10 Tricks That Cut the Fat in Your Food
Reducing some of the fat in your food doesn't mean you're stuck with lettuce and carrot sticks from now on. Here are a few easy tricks for removing excess fat from your favorite foods to help you eat lean.
If you’re lucky enough to have an air fryer, you’ve already solved the problem of frying french fries in oil. If you don’t, instead of hauling out the deep fryer the next time you want crispy spuds, use seasoning as a substitute. Shake an equal amount of salt and chili powder over the fries on a baking sheet, then bake in a hot oven instead of frying. The seasoning will add flavor and give the appearance of crispy fries without all the fat.
The easiest way to strain the fat from cooking meat or poultry broth is to use a fat separator. But if you don’t have that handy kitchen gadget, try these techniques.
If you don’t need to use the broth immediately, let it cool, then pour it into a glass jar with a secure lid. Place the jar in the refrigerator upside down. The fat will harden and remain in the jar when you pour out the liquid to use in recipes.
To use the broth right away, let it cool slightly and pour it into a resealable plastic bag. Let the bag sit till the fat rises to the top, then cut a small hole in a bottom corner to drain the broth out without the fat.
When I first heard about rinsing cooked ground beef, I thought, “You’ve got to be kidding!” But research from Iowa State University has shown that rinsing pan-fried ground beef with hot water can reduce the fat content by 50%. To save on your budget and reduce fat, try using the more economical 80% lean ground beef with recipes where draining, blotting and rinsing is practical, but use 90% lean ground beef in recipes such as meat loaf or stuffed peppers where blotting and rinsing isn’t possible.
Or, cook ground beef in a microwave-safe strainer placed in a microwave-safe bowl. Break up the ground beef with a fork and stir it frequently as it’s cooking until it’s no longer pink. The fat will collect at the bottom of the bowl.
Did you know that you can replace some of the oil with applesauce in many baked goods? For every ½ cup of oil replaced with applesauce, you’ll save 900 calories and 110 grams of fat.
Replacing the same amount of butter with applesauce reduces the calories by 850 and the fat by 91 grams.
Before making gravy from meat drippings, add a few ice cubes to the juices. In a few minutes, the fat cools and solidifies, making it easy to remove. It’s quicker than waiting for it to cool and separate on its own.
If you can make the gravy ahead of time, pour the juices in a bowl and put it in the refrigerator overnight. The fat will harden on the surface and can easily be lifted off with a spoon.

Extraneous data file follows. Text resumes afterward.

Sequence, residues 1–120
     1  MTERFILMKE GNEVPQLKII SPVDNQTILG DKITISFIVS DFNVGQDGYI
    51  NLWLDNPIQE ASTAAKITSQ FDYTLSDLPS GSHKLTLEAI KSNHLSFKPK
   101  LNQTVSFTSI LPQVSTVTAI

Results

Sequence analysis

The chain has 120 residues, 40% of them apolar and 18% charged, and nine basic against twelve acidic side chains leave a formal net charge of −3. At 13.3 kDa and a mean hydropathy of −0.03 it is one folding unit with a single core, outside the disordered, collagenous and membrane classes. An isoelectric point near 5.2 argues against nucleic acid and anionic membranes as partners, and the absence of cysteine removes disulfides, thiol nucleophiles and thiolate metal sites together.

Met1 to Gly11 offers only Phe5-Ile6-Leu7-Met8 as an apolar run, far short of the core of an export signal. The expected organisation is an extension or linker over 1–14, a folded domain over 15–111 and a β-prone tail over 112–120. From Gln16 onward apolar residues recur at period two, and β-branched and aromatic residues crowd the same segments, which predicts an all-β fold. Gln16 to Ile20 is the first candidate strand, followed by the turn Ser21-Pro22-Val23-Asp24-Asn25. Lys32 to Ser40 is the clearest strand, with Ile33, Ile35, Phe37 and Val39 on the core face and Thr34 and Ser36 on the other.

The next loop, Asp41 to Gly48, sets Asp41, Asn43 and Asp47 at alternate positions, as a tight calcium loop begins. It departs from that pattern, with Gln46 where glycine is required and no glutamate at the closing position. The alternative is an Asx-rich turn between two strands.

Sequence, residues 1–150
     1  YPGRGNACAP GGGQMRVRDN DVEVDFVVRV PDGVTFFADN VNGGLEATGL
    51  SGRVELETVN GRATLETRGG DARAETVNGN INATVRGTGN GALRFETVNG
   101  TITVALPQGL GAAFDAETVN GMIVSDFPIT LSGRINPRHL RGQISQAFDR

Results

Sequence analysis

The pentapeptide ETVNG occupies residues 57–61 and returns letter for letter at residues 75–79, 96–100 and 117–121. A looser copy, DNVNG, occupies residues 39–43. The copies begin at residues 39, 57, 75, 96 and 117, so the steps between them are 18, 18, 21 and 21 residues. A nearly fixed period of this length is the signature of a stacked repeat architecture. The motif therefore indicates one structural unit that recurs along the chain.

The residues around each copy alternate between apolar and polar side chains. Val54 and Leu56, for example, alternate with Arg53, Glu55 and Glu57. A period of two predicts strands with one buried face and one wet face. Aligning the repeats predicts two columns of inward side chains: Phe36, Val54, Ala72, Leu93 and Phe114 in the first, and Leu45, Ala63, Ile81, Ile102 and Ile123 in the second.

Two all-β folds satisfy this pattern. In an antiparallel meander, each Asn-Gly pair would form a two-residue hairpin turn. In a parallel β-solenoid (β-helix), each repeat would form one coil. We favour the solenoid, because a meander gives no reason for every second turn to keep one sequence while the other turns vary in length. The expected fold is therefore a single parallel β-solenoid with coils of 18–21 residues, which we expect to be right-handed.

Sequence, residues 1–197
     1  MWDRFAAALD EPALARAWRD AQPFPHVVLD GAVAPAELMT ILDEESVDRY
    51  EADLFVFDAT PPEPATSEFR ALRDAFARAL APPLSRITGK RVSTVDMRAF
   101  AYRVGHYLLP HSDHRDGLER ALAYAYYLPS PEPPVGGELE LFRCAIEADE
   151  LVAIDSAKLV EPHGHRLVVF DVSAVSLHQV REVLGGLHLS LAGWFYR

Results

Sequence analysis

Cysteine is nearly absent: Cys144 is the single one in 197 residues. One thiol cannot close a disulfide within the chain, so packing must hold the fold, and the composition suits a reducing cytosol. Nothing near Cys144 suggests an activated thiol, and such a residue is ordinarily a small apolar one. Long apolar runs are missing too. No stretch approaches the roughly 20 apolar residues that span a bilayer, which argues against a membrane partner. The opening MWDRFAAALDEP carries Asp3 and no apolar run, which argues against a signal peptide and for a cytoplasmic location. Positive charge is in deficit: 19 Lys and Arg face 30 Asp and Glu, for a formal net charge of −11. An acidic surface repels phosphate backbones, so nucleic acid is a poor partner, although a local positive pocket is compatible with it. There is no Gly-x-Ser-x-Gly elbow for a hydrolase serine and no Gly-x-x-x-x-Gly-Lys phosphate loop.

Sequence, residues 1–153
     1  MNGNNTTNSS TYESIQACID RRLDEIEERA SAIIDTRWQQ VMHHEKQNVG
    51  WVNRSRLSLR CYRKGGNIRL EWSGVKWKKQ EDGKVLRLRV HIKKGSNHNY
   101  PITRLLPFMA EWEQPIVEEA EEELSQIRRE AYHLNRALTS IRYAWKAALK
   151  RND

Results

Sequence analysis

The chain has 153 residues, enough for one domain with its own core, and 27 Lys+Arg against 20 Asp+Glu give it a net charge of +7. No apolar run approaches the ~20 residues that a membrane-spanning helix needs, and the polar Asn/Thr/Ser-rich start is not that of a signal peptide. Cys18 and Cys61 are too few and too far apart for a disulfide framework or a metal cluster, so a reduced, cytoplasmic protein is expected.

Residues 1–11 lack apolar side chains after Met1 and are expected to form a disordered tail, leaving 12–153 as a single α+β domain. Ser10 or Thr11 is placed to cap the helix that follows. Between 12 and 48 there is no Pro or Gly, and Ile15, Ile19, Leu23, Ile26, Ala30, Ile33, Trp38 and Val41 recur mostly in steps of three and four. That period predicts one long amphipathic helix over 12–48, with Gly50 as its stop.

When cooking your favorite vegetables, spritz the pan with nonstick cooking spray rather then using butter or oil. As the veggies cook, add boiling water or hot vegetable broth to the pan a little at a time if needed until the vegetables are tender.
Instead of reaching for the full-fat version next time you’re craving a PB&J, buy reduced-fat, natural-style peanut butter and blend it in your food processor with an equal amount of low-fat silken tofu. The mixture is very smooth and creamy, yet has enough peanutty taste to satisfy peanut butter lovers.
It’s easy to reach for handful after handful of buttered popcorn when you’re engrossed in a movie, and before you know it, you’ve eaten several tablespoonfuls of butter. To reduce your fat consumption, pop the kernels in an air-popper. Then spray the popcorn with butter-flavored cooking spray and sprinkle with your favorite powdered popcorn seasonings. The topping will adhere to the popcorn and you’ll have a tasty snack with no fat—just flavor and crunch.
Chances are if you’re making homemade meatballs you’ll be smothering them in a tasty sauce. So, instead of frying them in a pan, bake the meatballs in a 400-degree oven for 20 minutes on the rack of a broiler pan. The grease will drip away, leaving you with a reduced-fat version that tastes just as good.
I admit it, I could probably eat an entire cheesecake. So I use reduced-fat cream cheese instead of regular cream cheese and save myself 310 calories and 37 grams of fat.
You can also use fat-free cream cheese, but the consistency will be different. To help firm up the cheesecake when using fat-free cream cheese, add one envelope of unflavored gelatin for every 8 ounces of fat-free cream cheese. It doesn’t change the flavor but will improve the consistency.